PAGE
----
Families wiped out in Iran plane crash
January 9, 2020 2:21 pm
Entire families are among the 176 who died in the horrific plane crash in Iran today, which was tragically marked by the number of young victims.
Swedish couple Raheleh and Mikael Lindberg, 37 and 40, were killed along with their two young sons Erik, nine, and Emil, seven, after the Boeing 737 burst into flames following take-off from Tehran.
A second family, from Edmonton, Canada, was also wiped out. Pedram Mousavi, 47, and his wife Mojan Deneshmand, 43, who both work at the University of Alberta, Canada, also died along with their two young daughters Daria, 14, and Darina 10.
Fifteen children, including a baby born in 2018, were named among the dead which comprised 82 Iranians, 63 Canadians, 11 Ukrainians, 10 Swedes, four Afghans, three Germans and three Britons.
The heartbreaking death toll also named Canadian newlyweds Arash Pourzarabi, 26, and Pouneh Gourji, 25, from Edmonton, who had gone to Iran to be married.
The couple were computer science students from Alberta. Many of the dead were Canadian-Iranian’s flying back from the winter break.
The University of Guelph in Canada said two PhD students, as well as the partner of one of the students died.
Ghanimat Azhdari was a student in the department of geography and Milad Ghasemi was a student in marketing. Azhdari’s partner, Hamed Alibeiki, also died.
Western University said four of their students died. Three were current graduate students and one was an incoming graduate student. They did not name the students.
The University of Waterloo also said two PhD students’ names were on a list of passengers provided by the airline, but did not confirm whether they made it onto the plane.
Flight PS752 came down just minutes after leaving the runway at Imam Khomeini International Airport early this morning, sparking fresh alarm in the Middle East just hours after the Iranian Revolutionary Guard launched missile strikes on US bases in Iraq.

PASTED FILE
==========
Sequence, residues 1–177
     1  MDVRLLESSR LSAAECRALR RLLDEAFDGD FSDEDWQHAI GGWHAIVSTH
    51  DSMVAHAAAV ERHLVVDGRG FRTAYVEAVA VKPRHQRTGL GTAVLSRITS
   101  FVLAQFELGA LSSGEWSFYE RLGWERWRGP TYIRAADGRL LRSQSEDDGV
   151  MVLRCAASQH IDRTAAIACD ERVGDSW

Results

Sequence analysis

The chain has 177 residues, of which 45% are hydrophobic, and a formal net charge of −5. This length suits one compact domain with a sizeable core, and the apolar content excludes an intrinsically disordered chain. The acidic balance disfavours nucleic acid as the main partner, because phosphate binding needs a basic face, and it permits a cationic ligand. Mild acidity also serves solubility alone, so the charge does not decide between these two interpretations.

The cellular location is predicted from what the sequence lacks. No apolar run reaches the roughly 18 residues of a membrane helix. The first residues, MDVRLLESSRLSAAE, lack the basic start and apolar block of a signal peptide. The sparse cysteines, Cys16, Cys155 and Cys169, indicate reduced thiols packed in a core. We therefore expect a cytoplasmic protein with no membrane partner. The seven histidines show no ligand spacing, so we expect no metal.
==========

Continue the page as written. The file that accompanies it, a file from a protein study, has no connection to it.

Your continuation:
These strikes were a direct response to President Trump’s assassination of Iranian general Qassam Soleimani with a drone strike in Baghdad on Friday.
The Iranian regime has insisted the plane’s engine caught fire causing a loss of control, but has fuelled suspicion of foul-play by refusing to hand over the craft’s black boxes.
Video footage appeared to show the plane already burning before it fell out of the night sky, while pictures at the crash site showed the mangled wreckage peppered with mysterious holes.
The Boeing plane was less than four years old and had been checked just two days earlier, with ‘one of our best crews’ manning the aircraft, the Ukrainian airline said.
The disaster puts Boeing back under the spotlight after its reputation was bruised following two plane crashes in October 2018 and March 2019 which killed a combined 346 people – especially if Iran’s claims are proved true.
French jet engine manufacturer CFM said any speculation about a technical failure was ‘premature’, while the Ukrainian embassy in Iran initially ruled out a missile strike but later backtracked.
Aviation experts were at odds today as they struggled to explain the disaster, with some saying a shoot-down was unlikely while others said an MH17-style event should be the starting assumption.
The crash sparked fresh fears in the Middle East, which is on high alert after Qassem Soleimani was killed last Friday, and a series of airlines have today announced they will stop flying over Iranian airspace.
The three British victims were later named as businessman Mohammad Reza Kadkhoda-Zadeh, 40, and engineers Saeed Tahmasebi Khademsadi, 35, and Sam Zokaei, 42.
Today Boeing declared the air disaster a ‘tragic event’ and offered its ‘heartfelt thoughts’ to the 176 passengers and crew on board the plane.
‘We are ready to assist in any way needed,’ the airline said in a statement.
The jet which crashed was a Boeing 737-800 – a very common single-aisle, twin-engine jetliner used for short to medium-range flights. Thousands of the planes are used by airlines around the world.
Introduced in the late 1990s, it is an older model than the Boeing 737 MAX, which has been grounded for nearly 10 months following the two deadly crashes in Indonesia and Ethiopia.
According to flight-tracking data from FlightRadar24, the jet which crashed today reached an altitude of 7,925ft before tracking suddenly ended after three minutes.
The plane had been delayed from taking off from Imam Khomeini International Airport in Tehran by almost an hour.
The jet was new and had been checked two days ago, the Ukrainian airline said.
‘The plane was in working order,’ UIA company president Yevgeniy Dykhne told a briefing in Kyiv where he choked back tears.
‘It was one of our best planes with a wonderful crew.’
It was the Kyiv-based carrier’s first fatal accident, and it said it was doing everything possible to establish what had happened.
Just hours before the crash, the US Federal Aviation Administration had banned US airlines from flying over Iran, Iraq and the waters of the Persian Gulf due to the Middle East crisis.